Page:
Q. With this Vijay incident now or issue, I should say, resolved, do you view this as perhaps a victory for the Tour doping policy? Is this a defeat for the Tour's doping policy? Where do you stand on your, I guess, opinion of the whole thing now that the WADA folks have come through with their findings? 

FINCHEM: Well, I don't know how to I think it's my nature to try to find a silver lining in just about anything that happens and usually there is one there. The only one I can find here is that there's been a lot of comment about this. There's been a lot of it's got a high profile. If anything comes out of it, it should help us remind players that the responsibility in the doping area is theirs. It's not ours. And they've been great about it. But I think they have to redouble their efforts. We have to make sure that we are absolutely convinced that we have explained every single player on an annual basis that in that Doping Code it says what goes in your body is your responsibility; however, here are five ways you can take steps to make sure you're not putting the wrong things in your body. Once they take that step, then it's back on us. If our certification list is wrong and we say, no, you're okay, then it's back on us. So it requires prudence and being careful. We've had five years of this. We haven't had much in the way of problems, so I think it's human nature. Some players are not paying as much attention as they were two or three years ago, but we can't let that happen. I'm not saying it is, but we will be redoubling our efforts based on this case. And I suppose, if there's a silver lining, that's it.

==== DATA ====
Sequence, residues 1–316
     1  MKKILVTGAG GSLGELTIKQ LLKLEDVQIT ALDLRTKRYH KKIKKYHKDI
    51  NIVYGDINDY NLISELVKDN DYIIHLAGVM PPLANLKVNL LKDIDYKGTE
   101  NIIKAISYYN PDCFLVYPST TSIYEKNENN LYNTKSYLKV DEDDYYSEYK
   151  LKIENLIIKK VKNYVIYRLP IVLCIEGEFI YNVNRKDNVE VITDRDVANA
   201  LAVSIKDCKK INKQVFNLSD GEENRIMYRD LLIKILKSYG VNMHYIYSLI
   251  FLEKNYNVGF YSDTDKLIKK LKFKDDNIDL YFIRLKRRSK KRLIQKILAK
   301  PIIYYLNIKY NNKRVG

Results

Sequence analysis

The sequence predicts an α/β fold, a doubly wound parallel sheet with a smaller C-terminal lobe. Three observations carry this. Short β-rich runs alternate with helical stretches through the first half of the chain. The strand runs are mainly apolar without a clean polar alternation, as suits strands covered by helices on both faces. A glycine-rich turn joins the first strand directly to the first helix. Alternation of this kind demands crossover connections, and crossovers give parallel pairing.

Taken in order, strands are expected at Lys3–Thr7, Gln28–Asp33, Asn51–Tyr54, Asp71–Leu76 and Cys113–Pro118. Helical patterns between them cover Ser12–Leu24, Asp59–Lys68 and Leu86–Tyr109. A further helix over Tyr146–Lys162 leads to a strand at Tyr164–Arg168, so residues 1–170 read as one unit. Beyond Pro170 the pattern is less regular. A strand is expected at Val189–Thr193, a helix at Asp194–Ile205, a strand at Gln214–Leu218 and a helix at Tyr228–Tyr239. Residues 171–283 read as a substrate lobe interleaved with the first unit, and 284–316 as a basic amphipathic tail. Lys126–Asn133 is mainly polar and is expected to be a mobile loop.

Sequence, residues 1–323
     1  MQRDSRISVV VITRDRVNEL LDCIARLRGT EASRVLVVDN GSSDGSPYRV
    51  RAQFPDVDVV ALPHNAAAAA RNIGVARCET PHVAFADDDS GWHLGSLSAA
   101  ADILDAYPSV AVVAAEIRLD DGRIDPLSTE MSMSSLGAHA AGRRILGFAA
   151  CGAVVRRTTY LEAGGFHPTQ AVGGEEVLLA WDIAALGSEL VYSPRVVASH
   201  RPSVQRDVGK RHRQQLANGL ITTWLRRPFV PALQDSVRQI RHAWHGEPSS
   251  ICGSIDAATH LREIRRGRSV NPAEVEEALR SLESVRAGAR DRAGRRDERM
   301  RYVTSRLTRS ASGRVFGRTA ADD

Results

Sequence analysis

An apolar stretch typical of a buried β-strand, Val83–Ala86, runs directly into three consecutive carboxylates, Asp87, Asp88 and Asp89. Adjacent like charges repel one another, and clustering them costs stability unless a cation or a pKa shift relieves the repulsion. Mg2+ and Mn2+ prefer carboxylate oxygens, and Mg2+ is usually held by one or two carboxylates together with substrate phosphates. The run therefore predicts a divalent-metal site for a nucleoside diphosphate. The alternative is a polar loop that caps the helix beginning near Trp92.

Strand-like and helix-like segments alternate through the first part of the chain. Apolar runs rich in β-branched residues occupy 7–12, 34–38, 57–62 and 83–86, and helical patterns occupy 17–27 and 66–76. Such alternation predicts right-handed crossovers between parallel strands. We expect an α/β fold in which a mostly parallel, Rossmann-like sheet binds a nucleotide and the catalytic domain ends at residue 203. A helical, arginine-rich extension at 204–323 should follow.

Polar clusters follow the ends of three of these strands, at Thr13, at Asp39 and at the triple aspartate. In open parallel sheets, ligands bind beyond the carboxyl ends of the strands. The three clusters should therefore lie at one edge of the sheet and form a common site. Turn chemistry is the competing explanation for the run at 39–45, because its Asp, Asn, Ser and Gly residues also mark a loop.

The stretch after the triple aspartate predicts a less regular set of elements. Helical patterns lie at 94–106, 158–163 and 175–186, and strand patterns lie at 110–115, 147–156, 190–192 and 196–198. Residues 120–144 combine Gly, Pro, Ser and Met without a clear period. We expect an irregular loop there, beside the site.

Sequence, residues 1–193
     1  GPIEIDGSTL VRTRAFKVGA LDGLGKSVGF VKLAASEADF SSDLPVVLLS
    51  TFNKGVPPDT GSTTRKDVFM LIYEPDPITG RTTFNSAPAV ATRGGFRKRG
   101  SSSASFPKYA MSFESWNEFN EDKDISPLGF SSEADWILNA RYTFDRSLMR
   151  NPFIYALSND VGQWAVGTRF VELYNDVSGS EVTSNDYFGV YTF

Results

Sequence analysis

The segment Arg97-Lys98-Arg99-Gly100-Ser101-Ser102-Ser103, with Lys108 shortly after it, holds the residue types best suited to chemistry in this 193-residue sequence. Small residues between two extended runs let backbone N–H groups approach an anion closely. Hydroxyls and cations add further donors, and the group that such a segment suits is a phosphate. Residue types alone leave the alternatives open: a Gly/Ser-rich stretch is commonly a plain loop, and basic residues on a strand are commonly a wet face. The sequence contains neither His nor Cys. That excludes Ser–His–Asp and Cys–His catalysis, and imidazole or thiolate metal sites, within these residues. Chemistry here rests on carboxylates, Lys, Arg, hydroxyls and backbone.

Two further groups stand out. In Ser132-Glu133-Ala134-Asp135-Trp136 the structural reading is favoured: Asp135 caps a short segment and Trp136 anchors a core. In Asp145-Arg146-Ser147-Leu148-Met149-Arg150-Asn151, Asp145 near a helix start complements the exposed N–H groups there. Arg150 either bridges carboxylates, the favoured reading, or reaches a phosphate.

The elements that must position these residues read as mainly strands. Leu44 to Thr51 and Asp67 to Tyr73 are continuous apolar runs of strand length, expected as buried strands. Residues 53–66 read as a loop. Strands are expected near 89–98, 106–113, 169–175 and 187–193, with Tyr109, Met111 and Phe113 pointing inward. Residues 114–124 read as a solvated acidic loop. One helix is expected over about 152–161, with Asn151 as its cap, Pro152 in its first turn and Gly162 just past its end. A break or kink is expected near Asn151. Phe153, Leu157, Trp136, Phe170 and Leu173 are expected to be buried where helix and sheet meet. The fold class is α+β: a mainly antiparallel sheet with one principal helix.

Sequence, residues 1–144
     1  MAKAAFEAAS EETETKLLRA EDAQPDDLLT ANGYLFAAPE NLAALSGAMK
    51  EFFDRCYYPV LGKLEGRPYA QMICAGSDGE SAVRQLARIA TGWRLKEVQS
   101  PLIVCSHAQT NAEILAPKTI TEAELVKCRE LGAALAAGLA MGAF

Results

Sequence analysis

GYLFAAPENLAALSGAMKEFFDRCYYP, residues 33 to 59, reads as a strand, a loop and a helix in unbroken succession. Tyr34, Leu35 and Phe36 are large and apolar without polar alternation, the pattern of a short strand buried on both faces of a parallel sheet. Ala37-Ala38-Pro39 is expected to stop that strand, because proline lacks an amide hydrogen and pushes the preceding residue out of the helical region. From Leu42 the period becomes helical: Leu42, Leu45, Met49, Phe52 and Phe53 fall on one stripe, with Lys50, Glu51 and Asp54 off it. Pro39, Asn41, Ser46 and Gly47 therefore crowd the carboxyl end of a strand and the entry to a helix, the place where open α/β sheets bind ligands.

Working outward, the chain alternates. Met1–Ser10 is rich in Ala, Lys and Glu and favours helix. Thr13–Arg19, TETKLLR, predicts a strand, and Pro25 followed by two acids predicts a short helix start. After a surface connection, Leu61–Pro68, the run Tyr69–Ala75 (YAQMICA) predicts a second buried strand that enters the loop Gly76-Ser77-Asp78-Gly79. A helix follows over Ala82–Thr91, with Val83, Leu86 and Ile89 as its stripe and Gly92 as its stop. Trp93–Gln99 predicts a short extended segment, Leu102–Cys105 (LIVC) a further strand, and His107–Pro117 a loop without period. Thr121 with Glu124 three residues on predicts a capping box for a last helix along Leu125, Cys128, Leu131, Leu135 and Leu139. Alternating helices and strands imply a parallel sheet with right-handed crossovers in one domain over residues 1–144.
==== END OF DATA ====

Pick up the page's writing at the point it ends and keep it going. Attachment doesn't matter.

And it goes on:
Q. On what grounds, given that you said you didn't get this WADA change, quote unquote until Friday, did Vijay appeal when he said he did it?

FINCHEM: On what grounds did they appeal?

Q. Did Vijay appeal given that he admitted that he used the substance, what were the grounds for his appeal?

FINCHEM: Well, they had a variety of arguments. Anytime you get a couple lawyers involved, they're going to come up with plenty of arguments.

Q. But, obviously, you didn't think they were much of an argument since you did initially sanction him? 

FINCHEM: Well, you know, if you back away from the merits here, we have to prosecute this and we were and all that. It's a difficult situation. Vijay was from the first moment first of all, he told the press what he was doing, so I think clearly on its face it was an honest mistake. But he was absolutely cooperative and very forthcoming, contrite, all of the things that you would want to see. So these are not easy situations, but it is what it is.